A garbage disposal that's taken well care of could last you about fifteen years or more. However, clogs that aren't taken care of can tax the system, back up your drain and sink, and cause the need for repairs. If your garbage disposal is clogged, here are a few tips to fix the issue and prevent future re-occurrences.
Examine the Clog
Turn off the power to the garbage disposal before sticking anything down there — you don't want to accidentally turn it on and hurt yourself. Glove up your hands, and use a flashlight to look down the drain. Some clogs can be seen if you manually turn the blades to loosen debris. You could also use a socket wrench set to unbolt the blades and clear any debris.
If you discover that the clog is due to something valuable, like a wedding ring that slipped off while doing the dishes, it's best to call a plumber so he or she can safely retrieve it.
Use At-Home Ingredients to Clear the Clog
If you cannot see the clog, you can still try to remove it with at-home ingredients, such as salt, water, and/or baking soda.
First, pour about a half cup of table salt down the drain, and then slowly pour a pot of boiling water down the drain. Let the mix set for a few minutes, then rinse the drain out with warm or hot water for drain cleaning. Turn on your disposal to see if it is running better. If you don't have salt on hand, you can try a mix of baking soda and vinegar. First, pour about a half cup to a cup of baking soda in the drain, and then pour the same amount of white vinegar (or apple cider vinegar) down the drain. Let this mix fizz for about fifteen minutes before flushing the drain with hot water.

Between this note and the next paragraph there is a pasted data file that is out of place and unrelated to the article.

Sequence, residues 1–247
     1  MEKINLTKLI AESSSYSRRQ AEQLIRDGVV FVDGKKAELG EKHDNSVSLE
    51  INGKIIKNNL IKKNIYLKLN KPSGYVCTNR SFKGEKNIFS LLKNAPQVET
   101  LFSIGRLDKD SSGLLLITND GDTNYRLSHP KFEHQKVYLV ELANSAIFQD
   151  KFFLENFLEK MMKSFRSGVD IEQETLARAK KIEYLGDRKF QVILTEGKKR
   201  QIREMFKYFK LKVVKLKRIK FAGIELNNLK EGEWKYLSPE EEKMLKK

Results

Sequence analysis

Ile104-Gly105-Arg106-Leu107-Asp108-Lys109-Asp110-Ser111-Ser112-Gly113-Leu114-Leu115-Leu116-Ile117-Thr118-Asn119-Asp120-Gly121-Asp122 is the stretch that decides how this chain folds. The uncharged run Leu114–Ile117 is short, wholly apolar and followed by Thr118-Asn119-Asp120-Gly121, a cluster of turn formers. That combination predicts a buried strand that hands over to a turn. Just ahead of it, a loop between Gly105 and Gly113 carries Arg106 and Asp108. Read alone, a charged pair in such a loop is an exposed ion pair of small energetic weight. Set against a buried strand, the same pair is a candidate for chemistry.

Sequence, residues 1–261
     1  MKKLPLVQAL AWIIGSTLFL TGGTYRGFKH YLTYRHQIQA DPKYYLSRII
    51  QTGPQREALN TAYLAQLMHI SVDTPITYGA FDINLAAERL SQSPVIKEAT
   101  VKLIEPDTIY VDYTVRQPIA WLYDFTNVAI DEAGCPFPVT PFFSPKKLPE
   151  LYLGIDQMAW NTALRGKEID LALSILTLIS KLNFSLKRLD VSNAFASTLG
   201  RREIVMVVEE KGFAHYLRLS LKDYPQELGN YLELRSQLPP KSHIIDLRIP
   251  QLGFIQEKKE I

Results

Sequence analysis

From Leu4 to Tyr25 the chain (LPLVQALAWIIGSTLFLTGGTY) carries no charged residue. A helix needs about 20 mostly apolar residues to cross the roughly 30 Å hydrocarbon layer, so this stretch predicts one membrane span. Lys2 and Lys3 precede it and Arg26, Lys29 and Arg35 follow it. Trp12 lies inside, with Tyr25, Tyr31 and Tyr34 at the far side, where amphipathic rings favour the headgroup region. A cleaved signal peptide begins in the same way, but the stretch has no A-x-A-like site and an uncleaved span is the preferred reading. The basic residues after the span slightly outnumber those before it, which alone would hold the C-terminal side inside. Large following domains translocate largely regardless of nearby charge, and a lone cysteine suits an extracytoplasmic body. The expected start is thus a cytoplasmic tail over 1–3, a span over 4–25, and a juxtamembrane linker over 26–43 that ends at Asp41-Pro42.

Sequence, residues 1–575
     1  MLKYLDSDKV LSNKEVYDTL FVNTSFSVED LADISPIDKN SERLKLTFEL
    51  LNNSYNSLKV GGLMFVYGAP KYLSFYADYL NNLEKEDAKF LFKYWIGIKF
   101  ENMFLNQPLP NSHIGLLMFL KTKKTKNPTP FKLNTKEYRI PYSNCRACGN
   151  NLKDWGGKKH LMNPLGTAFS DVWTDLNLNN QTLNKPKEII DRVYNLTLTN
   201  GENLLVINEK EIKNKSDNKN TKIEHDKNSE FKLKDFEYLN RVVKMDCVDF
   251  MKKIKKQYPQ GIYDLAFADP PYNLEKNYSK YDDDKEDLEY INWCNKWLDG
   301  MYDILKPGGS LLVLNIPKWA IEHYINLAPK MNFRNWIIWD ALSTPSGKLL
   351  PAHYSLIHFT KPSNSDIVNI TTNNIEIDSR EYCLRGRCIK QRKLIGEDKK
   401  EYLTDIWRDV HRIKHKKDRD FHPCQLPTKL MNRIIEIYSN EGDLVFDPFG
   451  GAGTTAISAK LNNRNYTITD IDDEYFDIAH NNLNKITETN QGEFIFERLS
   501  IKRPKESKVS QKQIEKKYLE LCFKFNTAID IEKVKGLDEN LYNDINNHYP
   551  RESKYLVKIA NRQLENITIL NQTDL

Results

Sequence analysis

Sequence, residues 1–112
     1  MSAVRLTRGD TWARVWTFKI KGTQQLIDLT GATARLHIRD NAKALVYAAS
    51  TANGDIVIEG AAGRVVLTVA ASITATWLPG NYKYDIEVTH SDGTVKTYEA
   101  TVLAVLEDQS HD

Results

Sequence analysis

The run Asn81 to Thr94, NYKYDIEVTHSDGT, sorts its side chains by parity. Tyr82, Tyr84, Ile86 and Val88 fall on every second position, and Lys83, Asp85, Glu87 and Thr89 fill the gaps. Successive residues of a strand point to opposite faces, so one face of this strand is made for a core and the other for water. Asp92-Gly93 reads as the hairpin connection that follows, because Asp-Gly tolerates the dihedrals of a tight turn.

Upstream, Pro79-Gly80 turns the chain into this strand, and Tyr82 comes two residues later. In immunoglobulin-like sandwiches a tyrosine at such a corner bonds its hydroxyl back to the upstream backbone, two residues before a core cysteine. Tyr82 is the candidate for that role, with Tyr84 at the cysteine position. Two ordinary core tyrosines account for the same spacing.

If these at-home ingredients aren't working, contact a plumber ASAP. You don't want to use heavy chemicals from the store, as these can damage the disposal and its pipes. A plumber is your best bet since they can safely remove clogs that are really bad.
Avoid Drain-Clogging Debris
Some homeowners use their garbage disposal like they would their garbage can. A good rule of thumb is to make the disposal the last line of defense for food debris. Foods that are particularly bad for the garbage disposal are:
- Fibrous Veggies: These often include things like onion skins, potato skins, lettuce, or celery. Instead of washing down the drain, these things tend to wrap tightly around the garbage disposal blades.
- Pastas: Any leftover pasta should go in the garbage. Pasta is incredibly absorbent, so if you flush it down the disposal, it can actually soak up the water and expand, thus clogging the drain.
- Egg shells: There is a myth out there that egg shells sharpen the disposal blades. If you need to sharpen the blades, it's best to have a plumber do that task. Eggs contain a thin membrane on the inside of their shells, and if these membranes aren't washed away, they can lodge around the impeller or clog the drain.
- Cooking oils and grease: While oils may be in liquid form while you cook, they will congeal and stick to the inside of pipes. Be sure to dump any oils in a spare can when you are done cooking.
If you avoid these drain-clogging items, your garbage disposal will be in better shape. Again, contact a plumber for help if you have a serious clog.